September 15, 2013

Commentary: Putin's Syria plan

In Russia's attempt to broker a deal on chemical weapons, analysts see two goals: The protection of its citizens and a chance to burnish its image as a force to be reckoned with.

By WILL ENGLUND The Washington Post

(Continued from page 1)

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Associated Press photos/Staff Photo Illustration by Michael Fisher

Russia fought two destructive wars in Chechnya, radicalizing Islamists throughout the entire southern belt of the country. Today it is fighting a low-grade war in Dagestan, where bombings, assassinations and outright assaults by guerrillas kill moderate imams and a few dozen Interior Ministry troops every month.

Russia is extremely concerned about a spillover of violence from the Middle East.

"Syria," he said, "is closer to us than to Washington."

In a column that was published before the Russian proposal became public, Fyodor Lukyanov, the editor of a foreign affairs magazine with a good sense of the Kremlin's thinking, wrote about the unknowns facing President Obama -- but he could have been describing Putin's dilemmas, as well.

"The international system has reached a turning point," Lukyanov wrote. "It is no longer possible to ignore the absence of a stable world order since the Cold War ended. Increased interdependence between countries does not guarantee the integrity of the global system. On the contrary, though inseparably linked, the world is fragmenting, and it's hard to understand or predict what some fragments might do."

An American strike could lead to various forms of intervention by Iran, Mirsky wrote, and Russia, which has been placing a squadron of warships in the eastern Mediterranean, would inevitably have to contend with increasing pressure to step up its own involvement.

Putin's foreign policy values stability above all else. It views the Arab Spring as a dangerous failure that has let loose worrisome Islamist extremism, said Dmitri Trenin, of the Carnegie Moscow Center. The fall of Assad would hasten that trend, the Kremlin believes.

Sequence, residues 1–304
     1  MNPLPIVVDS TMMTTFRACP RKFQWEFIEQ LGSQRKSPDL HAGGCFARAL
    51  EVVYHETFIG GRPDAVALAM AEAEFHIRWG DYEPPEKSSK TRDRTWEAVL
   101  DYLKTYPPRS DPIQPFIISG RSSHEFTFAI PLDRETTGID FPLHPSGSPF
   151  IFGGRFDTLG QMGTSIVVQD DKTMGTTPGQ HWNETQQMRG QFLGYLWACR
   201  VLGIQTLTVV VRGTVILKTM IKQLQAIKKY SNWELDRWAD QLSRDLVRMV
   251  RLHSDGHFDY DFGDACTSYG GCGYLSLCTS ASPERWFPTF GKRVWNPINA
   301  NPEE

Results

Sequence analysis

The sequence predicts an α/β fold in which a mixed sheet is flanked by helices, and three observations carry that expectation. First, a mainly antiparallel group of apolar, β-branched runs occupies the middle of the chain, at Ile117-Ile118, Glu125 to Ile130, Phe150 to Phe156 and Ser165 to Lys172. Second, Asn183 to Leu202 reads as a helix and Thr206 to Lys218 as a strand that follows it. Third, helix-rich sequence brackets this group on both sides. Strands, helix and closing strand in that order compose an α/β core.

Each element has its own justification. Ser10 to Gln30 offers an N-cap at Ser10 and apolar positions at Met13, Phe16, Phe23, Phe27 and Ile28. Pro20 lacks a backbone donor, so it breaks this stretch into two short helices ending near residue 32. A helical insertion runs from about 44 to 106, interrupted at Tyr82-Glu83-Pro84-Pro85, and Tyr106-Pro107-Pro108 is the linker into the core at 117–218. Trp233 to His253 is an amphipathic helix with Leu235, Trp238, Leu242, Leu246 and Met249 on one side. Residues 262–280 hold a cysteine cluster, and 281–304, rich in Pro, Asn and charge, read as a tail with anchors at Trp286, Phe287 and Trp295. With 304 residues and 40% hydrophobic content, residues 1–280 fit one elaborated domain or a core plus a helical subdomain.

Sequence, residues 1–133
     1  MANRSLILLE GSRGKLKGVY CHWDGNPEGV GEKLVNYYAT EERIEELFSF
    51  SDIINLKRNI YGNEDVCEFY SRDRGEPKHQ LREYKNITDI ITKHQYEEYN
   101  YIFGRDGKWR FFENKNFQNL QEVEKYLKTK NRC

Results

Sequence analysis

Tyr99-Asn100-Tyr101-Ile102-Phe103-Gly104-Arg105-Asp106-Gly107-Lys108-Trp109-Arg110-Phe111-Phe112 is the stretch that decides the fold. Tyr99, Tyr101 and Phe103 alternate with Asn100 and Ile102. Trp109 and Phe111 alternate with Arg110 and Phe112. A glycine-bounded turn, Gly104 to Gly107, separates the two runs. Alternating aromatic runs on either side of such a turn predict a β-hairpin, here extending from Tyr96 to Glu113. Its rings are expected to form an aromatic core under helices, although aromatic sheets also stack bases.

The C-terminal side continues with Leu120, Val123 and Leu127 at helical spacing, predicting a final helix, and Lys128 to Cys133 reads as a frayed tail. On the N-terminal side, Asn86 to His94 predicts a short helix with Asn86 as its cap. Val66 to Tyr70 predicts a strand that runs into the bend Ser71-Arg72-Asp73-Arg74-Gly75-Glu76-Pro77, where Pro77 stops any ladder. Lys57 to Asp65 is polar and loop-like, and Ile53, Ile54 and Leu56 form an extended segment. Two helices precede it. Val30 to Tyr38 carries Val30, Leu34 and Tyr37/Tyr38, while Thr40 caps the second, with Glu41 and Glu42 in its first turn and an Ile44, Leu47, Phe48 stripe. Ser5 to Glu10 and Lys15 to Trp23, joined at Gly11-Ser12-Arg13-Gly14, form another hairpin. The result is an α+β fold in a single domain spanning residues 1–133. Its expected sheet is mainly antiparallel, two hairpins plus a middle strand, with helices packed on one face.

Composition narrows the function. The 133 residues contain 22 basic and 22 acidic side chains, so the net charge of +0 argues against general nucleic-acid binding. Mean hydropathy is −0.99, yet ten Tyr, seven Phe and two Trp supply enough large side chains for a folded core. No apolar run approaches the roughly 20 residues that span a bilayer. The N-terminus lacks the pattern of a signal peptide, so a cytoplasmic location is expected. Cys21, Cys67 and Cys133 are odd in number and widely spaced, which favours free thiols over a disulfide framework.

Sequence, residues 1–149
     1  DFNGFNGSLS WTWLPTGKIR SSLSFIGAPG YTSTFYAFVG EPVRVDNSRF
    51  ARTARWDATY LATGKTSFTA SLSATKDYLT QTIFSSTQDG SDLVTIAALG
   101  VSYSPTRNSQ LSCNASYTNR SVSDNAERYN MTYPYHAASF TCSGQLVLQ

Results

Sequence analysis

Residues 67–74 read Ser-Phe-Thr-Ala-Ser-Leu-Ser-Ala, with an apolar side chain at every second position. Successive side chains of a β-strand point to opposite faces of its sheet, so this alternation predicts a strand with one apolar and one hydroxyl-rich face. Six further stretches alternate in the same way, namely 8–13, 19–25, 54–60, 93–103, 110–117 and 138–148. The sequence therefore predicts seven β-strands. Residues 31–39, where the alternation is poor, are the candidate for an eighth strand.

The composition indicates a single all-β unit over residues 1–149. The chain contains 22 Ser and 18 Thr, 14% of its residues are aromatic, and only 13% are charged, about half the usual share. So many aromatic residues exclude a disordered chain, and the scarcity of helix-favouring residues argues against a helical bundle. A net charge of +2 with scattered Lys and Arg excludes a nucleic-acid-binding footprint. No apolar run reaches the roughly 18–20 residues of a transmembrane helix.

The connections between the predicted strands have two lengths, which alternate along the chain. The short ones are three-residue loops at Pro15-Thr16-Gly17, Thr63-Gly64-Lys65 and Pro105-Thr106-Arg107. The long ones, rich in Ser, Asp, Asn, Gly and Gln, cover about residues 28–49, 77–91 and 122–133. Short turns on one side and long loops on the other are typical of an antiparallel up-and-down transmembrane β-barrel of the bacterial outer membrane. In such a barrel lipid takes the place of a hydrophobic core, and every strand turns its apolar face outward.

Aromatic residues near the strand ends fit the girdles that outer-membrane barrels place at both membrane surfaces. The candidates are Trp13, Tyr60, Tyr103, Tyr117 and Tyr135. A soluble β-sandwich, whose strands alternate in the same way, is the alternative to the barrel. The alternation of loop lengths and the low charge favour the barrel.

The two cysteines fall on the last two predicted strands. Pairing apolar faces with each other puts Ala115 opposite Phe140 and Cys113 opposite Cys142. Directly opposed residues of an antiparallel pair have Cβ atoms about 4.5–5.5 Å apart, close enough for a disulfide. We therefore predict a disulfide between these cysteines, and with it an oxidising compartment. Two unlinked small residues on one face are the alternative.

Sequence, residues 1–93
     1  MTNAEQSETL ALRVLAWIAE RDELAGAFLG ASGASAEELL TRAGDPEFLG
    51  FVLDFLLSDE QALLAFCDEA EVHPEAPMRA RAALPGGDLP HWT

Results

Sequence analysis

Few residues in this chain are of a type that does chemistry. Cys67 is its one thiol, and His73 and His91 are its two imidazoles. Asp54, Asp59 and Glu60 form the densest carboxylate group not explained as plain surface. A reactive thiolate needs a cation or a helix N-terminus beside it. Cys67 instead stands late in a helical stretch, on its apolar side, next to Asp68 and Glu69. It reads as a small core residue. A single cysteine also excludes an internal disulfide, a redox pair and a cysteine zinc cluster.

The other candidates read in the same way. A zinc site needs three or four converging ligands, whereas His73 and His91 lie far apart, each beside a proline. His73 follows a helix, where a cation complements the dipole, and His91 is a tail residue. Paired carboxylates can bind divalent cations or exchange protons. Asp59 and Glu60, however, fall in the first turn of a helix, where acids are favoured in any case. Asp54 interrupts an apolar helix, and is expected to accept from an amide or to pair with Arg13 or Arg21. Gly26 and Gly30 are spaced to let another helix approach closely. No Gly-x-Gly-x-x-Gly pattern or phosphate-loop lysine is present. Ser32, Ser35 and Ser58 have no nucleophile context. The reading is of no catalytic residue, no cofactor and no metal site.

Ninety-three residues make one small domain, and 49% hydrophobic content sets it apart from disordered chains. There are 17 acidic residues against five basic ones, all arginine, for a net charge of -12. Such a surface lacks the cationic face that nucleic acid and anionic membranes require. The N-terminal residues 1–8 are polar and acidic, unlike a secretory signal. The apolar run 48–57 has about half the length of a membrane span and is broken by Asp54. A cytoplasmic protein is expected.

There's an issue of pride, as well. If the United States takes action against Syria, Putin could savor his indignation, but he would not go to war to stop it. That would demonstrate Russia's limited ability to move events. It would show, in other words, that Russia is not fully a country to be reckoned with.

"If you're not equal, you can't operate equally," Trenin said. "Russia isn't the Soviet Union."

With its diplomatic proposal, Russia is able to fend off a direct comparison with U.S. prowess and remain in the thick of things.

And though Syria launched its chemical weapons program with ample help from Moscow, those arms are now in fact a major concern for the Kremlin. Russia would view with alarm a chemical weapons attack by Syria against Israel. It would consider it a catastrophe if the weapons fell into unfriendly hands -- such as those of Islamic extremists.

"Even now, in this chaos, they need to remove chemical weapons for disposal under international control, without losing time," Adm. Vladimir Komoyedov, head of the defense committee of the upper house of parliament, told the Interfax news agency Wednesday.

"God forbid, if the Assad government were to collapse, the army would disintegrate and then no one would be able to predict who would seize this chemical arsenal and how it would be used," he said. "It would not only mean the collapse of Syria, it would harm the entire Middle East."

Klimov laughed when asked if the Russian plan helps Obama, who was facing strong opposition at home to military action.

"You can say so, if you like," he replied. "But we're not thinking about how to help Mr. Obama, or Mr. Assad, or anyone else."

Still, he added, if the proposal succeeds in persuading the Americans not to attack and the Syrians to hand over their chemical weapons, it could set the stage for further diplomacy finally to resolve the Syrian conflict itself.


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